From the dawn of history man has used the sea as a highway for the transport of material and personnel between ports. The vehicles for such traffic are ships and man has constantly sought quicker and easier methods for handling cargo to and from the decks of those vessels. In spite of the obvious advantages of increased productivity, it is surprising to note that for hundreds of years no basic change in cargo hoisting gear has been made. Changes that were made could only be called evolutionary and not developmental in nature. It is only in the comparatively recent past that onboard and shoreside equipment has been developed for the rapid handling of the large and heavy loads imposed by a containerized cargo system. The trend towards extending container cargo to all the world's ports in the future is clear. But, for many years to come ports in the underdeveloped nations, and sub-ports of the major maritime powers will be dependent on break bulk ships for a large proportion of their cargo. In all probability these break bulk ships will depend upon some form of burtoning system to load and discharge these cargoes. The paper attempts to outline the evaluation of cargo gear design.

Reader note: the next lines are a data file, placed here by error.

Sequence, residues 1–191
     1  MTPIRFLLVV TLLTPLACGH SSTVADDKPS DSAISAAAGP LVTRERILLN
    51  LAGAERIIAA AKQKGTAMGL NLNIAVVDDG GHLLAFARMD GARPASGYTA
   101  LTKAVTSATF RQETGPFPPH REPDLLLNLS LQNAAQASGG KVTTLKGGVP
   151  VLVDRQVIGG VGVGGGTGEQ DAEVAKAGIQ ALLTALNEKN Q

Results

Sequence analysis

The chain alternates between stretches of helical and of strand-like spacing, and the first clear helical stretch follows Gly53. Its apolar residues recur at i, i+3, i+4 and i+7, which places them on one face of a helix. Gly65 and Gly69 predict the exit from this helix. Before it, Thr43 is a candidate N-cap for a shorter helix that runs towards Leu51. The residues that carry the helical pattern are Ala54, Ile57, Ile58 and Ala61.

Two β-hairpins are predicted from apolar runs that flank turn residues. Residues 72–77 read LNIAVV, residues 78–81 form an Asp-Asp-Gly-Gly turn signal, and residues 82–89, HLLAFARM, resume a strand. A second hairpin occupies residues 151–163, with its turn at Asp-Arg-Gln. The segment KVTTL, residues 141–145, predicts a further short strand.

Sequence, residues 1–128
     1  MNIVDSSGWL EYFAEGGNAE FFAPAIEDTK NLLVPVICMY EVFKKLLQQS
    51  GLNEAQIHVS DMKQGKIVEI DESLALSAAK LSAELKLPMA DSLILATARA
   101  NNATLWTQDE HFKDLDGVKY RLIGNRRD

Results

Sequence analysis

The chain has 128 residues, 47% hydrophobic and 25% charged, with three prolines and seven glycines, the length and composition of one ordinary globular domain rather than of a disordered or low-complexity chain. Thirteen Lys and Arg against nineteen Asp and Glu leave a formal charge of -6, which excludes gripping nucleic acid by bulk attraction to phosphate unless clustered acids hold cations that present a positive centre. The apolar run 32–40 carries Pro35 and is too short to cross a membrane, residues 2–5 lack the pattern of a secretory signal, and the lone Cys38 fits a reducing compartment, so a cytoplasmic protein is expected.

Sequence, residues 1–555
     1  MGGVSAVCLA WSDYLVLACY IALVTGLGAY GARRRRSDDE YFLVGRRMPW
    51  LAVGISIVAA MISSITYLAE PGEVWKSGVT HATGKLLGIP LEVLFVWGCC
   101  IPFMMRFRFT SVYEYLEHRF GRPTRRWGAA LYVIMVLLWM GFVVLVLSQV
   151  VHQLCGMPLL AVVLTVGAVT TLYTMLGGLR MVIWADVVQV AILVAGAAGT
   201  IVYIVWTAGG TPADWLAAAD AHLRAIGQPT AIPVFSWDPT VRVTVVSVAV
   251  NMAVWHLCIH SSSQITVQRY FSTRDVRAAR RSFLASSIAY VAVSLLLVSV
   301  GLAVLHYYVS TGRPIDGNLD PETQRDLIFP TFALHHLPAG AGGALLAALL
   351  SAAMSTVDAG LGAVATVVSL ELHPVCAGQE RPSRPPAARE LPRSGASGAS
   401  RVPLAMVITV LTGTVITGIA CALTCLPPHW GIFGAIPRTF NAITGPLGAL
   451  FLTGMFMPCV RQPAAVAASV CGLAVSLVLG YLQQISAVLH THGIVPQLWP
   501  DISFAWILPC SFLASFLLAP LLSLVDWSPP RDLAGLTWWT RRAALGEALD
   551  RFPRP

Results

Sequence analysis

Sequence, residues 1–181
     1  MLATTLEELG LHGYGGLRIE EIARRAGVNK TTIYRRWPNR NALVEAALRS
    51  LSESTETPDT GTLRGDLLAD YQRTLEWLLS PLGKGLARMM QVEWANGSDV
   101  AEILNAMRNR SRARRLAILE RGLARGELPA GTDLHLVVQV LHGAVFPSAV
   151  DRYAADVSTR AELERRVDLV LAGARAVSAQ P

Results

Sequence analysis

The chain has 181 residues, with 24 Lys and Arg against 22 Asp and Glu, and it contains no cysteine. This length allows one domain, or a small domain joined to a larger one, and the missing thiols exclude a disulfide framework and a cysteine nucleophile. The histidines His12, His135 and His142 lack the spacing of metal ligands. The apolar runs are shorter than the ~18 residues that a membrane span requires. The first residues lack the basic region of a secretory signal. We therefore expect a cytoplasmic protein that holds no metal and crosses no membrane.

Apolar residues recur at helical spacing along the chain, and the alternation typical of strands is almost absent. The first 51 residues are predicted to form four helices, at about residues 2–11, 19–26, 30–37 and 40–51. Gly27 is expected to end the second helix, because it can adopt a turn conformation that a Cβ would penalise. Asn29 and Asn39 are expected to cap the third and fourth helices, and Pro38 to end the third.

• Supplemental Notes:
    • Presented at the Northern California Section of SNAME.
  • Corporate Authors:

    Society of Naval Architects and Marine Engineers

    601 Pavonia Avenue
    Jersey City, NJ  United States  07306-2907
  • Authors:
    • Dodge, W S
  • Publication Date: 1972-9-14

Subject/Index Terms

Filing Info

  • Accession Number: 00039325
  • Record Type: Publication
  • Source Agency: Society of Naval Architects and Marine Engineers
  • Files: TRIS
  • Created Date: Nov 10 1973 12:00AM